Sony Pictures extends new Smurfs movie to mobile bubble game
- Sony Pictures has launched “Smurfs Bubble Story,” a mobile game on Android and iOS tied to “Smurfs: The Lost Village,” the third movie in the Smurfs franchise, premiering Friday, according to multiple reports.
- Developed with Tic Toc Games and published by Sony Pictures Television Networks Games, the game is free, but players can make purchases within it for power, bubbles, extra lives and credits. Variety detailed that the game features various challenges during which players amass a collection of well-known Smurf characters, including Smurfette, Hefty, Brainy and Clumsy. The goal is to defeat the dreaded Gargamel and find the Lost Village.
- “Smurfs Bubble Story” is available globally and accessible in English, French, German, Italian, Spanish and Dutch. The game is aimed at kids and families with 25- to 55-year-old women a demographic sweet spot.
With “Smurfs Bubble Story,” Sony Pictures has paired an iconic cartoon with an iconic game format. The history of bubble games dates back to a popular Atari game aptly called Bubbles released in 1989. Tic Toc Games returned to the bubble well with “Smurfs Bubble Story” after creating the blockbuster bubble game “Panda Pop,” which was published by Jam City. Sony Pictures is floating bubbles again after doing so with “Wheel of Fortune Puzzle Pop!” The company has also dispatched games linked to “Casino Royale,” “Da Vinci Code,” “Spider-Man 2,” “Charlie’s Angels” and more.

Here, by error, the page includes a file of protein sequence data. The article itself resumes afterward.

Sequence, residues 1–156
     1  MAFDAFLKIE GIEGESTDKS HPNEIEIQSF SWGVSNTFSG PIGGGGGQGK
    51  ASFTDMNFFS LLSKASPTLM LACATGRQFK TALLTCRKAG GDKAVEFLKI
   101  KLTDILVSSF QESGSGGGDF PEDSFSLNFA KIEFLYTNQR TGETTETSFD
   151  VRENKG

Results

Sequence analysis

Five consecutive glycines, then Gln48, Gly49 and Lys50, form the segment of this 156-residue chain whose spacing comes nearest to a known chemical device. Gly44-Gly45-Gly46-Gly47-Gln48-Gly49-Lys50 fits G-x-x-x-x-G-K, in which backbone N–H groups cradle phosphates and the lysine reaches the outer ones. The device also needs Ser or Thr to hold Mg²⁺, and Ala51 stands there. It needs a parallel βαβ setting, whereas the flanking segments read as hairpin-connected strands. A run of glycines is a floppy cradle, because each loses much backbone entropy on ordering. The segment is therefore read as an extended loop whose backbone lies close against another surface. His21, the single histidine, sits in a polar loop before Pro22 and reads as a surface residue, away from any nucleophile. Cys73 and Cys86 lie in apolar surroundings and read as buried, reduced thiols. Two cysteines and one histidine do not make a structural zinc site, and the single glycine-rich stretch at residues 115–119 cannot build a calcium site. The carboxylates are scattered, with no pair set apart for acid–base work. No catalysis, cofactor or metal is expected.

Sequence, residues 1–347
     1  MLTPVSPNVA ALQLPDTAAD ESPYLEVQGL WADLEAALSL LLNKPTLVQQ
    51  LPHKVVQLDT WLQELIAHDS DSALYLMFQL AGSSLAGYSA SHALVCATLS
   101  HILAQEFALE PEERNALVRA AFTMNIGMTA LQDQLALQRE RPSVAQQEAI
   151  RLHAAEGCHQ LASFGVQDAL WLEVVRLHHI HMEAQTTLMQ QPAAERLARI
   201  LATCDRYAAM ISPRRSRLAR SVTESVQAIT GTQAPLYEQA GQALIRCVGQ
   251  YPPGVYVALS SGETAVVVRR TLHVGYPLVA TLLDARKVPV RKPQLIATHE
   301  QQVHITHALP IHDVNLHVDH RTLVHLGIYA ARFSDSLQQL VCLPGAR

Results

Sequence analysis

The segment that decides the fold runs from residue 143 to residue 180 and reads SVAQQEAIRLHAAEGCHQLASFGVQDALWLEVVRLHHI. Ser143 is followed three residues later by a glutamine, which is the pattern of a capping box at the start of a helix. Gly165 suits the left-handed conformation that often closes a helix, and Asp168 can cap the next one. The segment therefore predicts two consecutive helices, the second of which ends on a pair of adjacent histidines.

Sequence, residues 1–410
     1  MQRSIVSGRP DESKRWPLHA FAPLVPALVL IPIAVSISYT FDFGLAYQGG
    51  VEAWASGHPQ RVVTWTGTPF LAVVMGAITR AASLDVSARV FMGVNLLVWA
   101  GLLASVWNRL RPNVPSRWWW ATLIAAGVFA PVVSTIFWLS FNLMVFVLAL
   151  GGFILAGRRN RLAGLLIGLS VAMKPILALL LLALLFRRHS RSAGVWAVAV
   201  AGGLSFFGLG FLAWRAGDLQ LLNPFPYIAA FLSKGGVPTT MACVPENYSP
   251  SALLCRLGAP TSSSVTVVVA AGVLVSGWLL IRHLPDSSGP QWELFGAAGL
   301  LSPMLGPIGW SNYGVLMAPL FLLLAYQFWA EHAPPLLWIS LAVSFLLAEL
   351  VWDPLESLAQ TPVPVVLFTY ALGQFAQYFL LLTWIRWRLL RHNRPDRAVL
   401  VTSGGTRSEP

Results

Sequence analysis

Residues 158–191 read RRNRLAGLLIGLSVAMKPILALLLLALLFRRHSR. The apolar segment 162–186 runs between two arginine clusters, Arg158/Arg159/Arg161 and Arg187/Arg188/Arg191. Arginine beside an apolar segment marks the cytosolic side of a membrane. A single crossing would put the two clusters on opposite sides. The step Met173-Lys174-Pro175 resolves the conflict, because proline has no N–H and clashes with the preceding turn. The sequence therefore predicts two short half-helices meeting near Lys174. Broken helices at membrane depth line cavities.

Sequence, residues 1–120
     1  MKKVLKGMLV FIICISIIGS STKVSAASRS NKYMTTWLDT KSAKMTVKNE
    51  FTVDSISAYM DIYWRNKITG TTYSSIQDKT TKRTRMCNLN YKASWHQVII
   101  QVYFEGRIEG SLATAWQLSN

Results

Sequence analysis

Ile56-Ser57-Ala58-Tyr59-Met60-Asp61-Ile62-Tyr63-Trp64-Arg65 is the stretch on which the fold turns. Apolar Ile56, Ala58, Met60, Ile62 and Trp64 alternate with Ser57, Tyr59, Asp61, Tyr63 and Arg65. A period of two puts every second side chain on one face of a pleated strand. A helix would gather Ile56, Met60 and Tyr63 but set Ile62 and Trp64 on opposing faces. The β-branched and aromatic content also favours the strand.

Marketers across industries are adding games to their strategic arsenals to generate buzz for their properties, build relationships with digital consumers and tap ancillary revenue streams. Sony Pictures could supplement its till from “Smurfs Bubble Story” in-app purchases. So-called freemium games like “Smurfs Bubble Story” constitute the overwhelming majority of the mobile game business, a segment estimated at $37 billion last year, and some such as “Pokemon Go,” “Clash of Clans” and “Candy Crush” have been huge hits
“Smurfs Bubble Story” seems to follow the direction movie-related games are heading in by being a concept distinct from the movie it is attached to. Examining the deep connection between movies and gaming, the publication [a]list said movie studios are on the right path by crafting unique gaming experiences separate from movies rather than making games that repeat movies. It asserts the tactic “grows the franchise as a whole.”
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